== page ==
Biscoito18’s review published on Letterboxd:
I've been a HUGE fan of Lara Croft and Tomb Raider since I was a child. Tomb Raider III was the first video game I played and since then Lara is part of my life. I've played (and replayed) all the major games and several others, including, obviously, the two most recent titles: the 2013 reboot and Rise of the Tomb Raider, in which the plot of this new movie is based.
The Croft manor was my second home and Lara Croft will always be my muse. Even the name of my goddaughter, Lara, was my suggestion in honor of the character and what she always represented for me: an example of courage, beauty and intelligence. Her mother accepted because she thought the name was beautiful, but she didn't want to put the "Croft", obviously.
I wish I could've watched this movie with her, but she's still only 6 years old.
I'm telling all this because it's impossible that my experience and passion for the games and Lara Croft doesn't influence my critique of this film, for better or worse.
First, I have to say that as an adventure movie, "Tomb Raider" is quite common and follows Hollywood's standard, but it's well produced, well acted and, above all, it's fun.
Alicia Vikander gave herself to the role. Body and soul. Mainly body in fact, which she used in practically all the action scenes (the stunt double had almost no work to do). She trained heavily for this movie and her muscles show that. Dedication like this is rare nowadays. Bravo!
As an adaptation, the film is okay. I liked that it spents a good deal of time developing Lara before arriving on the island. The game already starts inside the Endurance (which is a much larger ship there). The good thing is that all these new scenes added by the movie combine with her character. I can see Lara doing all that stuff.
It also serves to explain some of her abilities since the film has very little time to spend with her learning things in the island, unlike the game.
The large number of uninteresting characters drag the 2013 game's plot (they fix this a bit in the sequel though). Unfortunately, the film does the same mistake and fails to understand that Lara is the only star. The plot and everything else should be just a stage for her to shine.
The games' stories have almost always been basic with the focus being more on Lara's intimate experience with the challenges around her. So it was expected that the film, although fun, would never deliver the main factor of the games' success, which is precisely the connection that the player creates with Lara, unraveling secrets and overcoming traps alone with her for hours.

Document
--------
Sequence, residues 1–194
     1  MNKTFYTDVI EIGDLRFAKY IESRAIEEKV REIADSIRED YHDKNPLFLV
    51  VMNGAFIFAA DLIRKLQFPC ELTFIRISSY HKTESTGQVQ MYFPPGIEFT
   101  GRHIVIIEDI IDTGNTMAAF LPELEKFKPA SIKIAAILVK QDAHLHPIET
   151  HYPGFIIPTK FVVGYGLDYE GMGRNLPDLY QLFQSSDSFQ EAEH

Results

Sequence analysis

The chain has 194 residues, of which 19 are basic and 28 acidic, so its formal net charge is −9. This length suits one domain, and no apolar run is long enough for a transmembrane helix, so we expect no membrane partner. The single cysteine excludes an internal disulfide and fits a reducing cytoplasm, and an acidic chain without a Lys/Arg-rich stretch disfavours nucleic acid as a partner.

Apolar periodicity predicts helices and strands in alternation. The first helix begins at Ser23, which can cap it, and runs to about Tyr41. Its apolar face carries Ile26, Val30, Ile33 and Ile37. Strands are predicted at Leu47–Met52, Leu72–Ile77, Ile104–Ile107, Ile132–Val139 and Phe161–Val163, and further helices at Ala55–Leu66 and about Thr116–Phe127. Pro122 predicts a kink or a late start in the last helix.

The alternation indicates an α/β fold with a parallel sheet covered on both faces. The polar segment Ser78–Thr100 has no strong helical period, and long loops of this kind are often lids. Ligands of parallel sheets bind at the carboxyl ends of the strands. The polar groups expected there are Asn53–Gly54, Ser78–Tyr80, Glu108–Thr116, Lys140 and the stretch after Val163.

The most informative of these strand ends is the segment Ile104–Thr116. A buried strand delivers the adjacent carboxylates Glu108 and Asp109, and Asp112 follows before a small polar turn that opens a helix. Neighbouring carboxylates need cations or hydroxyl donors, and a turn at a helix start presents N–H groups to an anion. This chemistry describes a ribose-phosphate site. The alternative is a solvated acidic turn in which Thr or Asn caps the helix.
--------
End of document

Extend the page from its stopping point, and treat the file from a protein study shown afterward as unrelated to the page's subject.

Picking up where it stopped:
There is also the question of time. The game in which this movie was most based (Tomb Raider 2013) lasts about 8-12 hours. Of course, MANY cuts would have to be made and, looking in this aspect I was quite satisfied with the result that went to the screen.
The scale of the events has been diminished and with that also diminished the extreme violence that is a important part of Lara's development.
The big problem I had with the changes was in relation to the supernatural aspects, which are very strong and important in the game, and which have been discarded here for a realistic (and boring) approach.
But, like an out-of-order summary, the film manages to adapt the game's plot effectively. If they couldn't adapt all the fantastic sequences of the game, at least they chose one of the best (the river sequence) and did a good job on it.
I missed the puzzles with use of wind and the spectacular sequence of Lara's awakening on the island. At least they made some references later (such as the twig traversed in the belly and Lara's escape in the final part).
Unlike the recent games that practically abandoned the old puzzles for more realistic challenges that use basic knowledge of physics, the film prefers an old school approach in the third act with classic puzzles and traps. It was an interesting choice but also quite out of place in relation to the more realistic approach of the plot.
I really liked how they did the scene where Lara kills a human being for the first time. It was more emotional than in the game but without the controversial insinuation of rape.
By choosing to develop in two hours the maximum of the plot (including parts of the plot of "Rise of the Tomb Raider", the second game after reboot), important moments of exploration with Lara alone were sacrificed. These moments are fundamental in the game to show the evolution of Lara (she does her own bandages, she learns to make fire, she has to kill an animal to feed herself ...). Here, Lara gets a lot more help and this undermines the credibility of her (super fast) evolution.
In addition, in the new games, despite being present in flashbacks and in Lara's motivation, her father doesn't have a huge presence, precisely because the overemphasis on Lara's family in previous games has become tiresome for fans. Unfortunately the film goes against this and brings total focus back to Lara's father.
This element could've been totally discarded because it just divides the villain's attention and steals time that could be used for Lara to develop her abilities alone, without so much help and doing more what is expected from THE tomb raider.
"Tomb Raider" wastes too much time trying to adapt the huge storyline of recent games and forgets to let its star shine, wasting part of the potential of Alicia Vikander who has devoted so much in physical preparation to the role. The result, though satisfactory, pales in comparison to the games and ends up being only a weak version of a much better adventure.
6.5/10 - OKAY